Hong Kong stocks climbed, with the benchmark index rising the first time this week, as banks reversed earlier losses and utilities advanced. Developers slid as HSBC Holdings Plc raised mortgage rates in the city, augmenting concern that China is boosting property curbs.
Industrial & Commercial Bank of China Ltd., the world’s largest lender by market value, climbed 1.1 percent after falling as much as 1.3 percent. China Resources Gas Group Ltd., a distributor of piped natural and petroleum gas, advanced to a record high after its full-year profit rose. Sun Hung Kai Properties Ltd., Hong Kong’s biggest builder, slid 3.3 percent.
The Hang Seng Index climbed 0.3 percent to 22,619.18 at the close, the biggest gain since March 8. Volume was 9.1 percent above the 30-day average, according to data compiled by Bloomberg. The Hang Seng China Enterprises Index of mainland companies increased 0.6 percent to 11,101.96, reversing an earlier slide that saw the gauge briefly extend losses to more than 10 percent from a Feb. 1 high.
“In the short term, the market is still under pressure but right now it’s going into a longer term support level zone,” said Linus Yip, a Hong Kong-based strategist at First Shanghai Securities Ltd. “We expect there may be some bottom fishing and bargain hunting coming out.”
About five stocks declined for every four that gained on the Hang Seng Index. The gauge erased this year’s gains yesterday as Chinese developers tumbled amid concern the government is intensifying efforts to curb property prices, and as data in the past week has signaled slower growth in the world’s second-largest economy.
The benchmark equity measure traded at 10.9 times estimated earnings yesterday, compared with 14.1 for the Standard & Poor’s 500 Index and 12.7 for the Stoxx Europe 600 Index, according to data compiled by Bloomberg.
Banks rebounded. ICBC rose 1.1 percent to HK$5.43. China Construction Bank Corp., the No. 2 lender by value, added 1.3 percent to HK$6.28 after slipping as much as 0.8 percent. The Hang Seng Financial Index retreated 2.5 percent in the previous two days.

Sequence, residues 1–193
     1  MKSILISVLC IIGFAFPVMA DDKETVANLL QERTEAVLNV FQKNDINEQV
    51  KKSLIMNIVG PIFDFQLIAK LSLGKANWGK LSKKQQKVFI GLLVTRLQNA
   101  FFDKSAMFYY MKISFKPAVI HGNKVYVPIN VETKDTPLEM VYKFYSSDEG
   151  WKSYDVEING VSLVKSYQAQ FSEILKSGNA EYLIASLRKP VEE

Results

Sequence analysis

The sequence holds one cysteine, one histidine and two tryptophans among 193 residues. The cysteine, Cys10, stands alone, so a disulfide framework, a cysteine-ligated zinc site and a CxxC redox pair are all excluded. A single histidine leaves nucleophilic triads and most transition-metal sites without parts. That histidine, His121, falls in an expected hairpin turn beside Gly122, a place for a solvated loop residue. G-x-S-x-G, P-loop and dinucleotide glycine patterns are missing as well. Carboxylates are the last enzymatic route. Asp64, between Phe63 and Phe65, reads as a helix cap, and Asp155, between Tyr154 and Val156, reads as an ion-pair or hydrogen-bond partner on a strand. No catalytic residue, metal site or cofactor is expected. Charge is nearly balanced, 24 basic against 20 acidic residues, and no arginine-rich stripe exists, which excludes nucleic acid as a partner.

A measure of utility companies had the biggest gain among the 11 industry groups in the Hang Seng Composite Index. China Resources Gas jumped 5.3 percent to HK$19.48 after saying its full-year profit rose 38 percent from a year earlier.
China Longyuan Power Group Corp., a coal and wind power producer that yesterday capped its longest losing streak since August 2011, rose 5.4 percent to HK$6.79. Kunlun Energy Co., a Chinese gas supplier controlled by PetroChina Co., advanced 2.3 percent to HK$16.28, the biggest gain in the Hang Seng Index.
Futures on the S&P 500 advanced 0.2 percent. The Dow Jones Industrial Average extended its longest rally since 1996 yesterday after U.S. Commerce Department data showed sales at retailers rose 1.1 percent in February, the most in five months and more than twice the median estimate of economists.
Yue Yuen Industrial (Holdings) Ltd., a supplier to Nike Inc., climbed 1.2 percent to HK$25.40, while Techtronic Industries Co., a power-tool maker that counts the U.S. as its biggest market, advanced 3 percent to HK$17.60.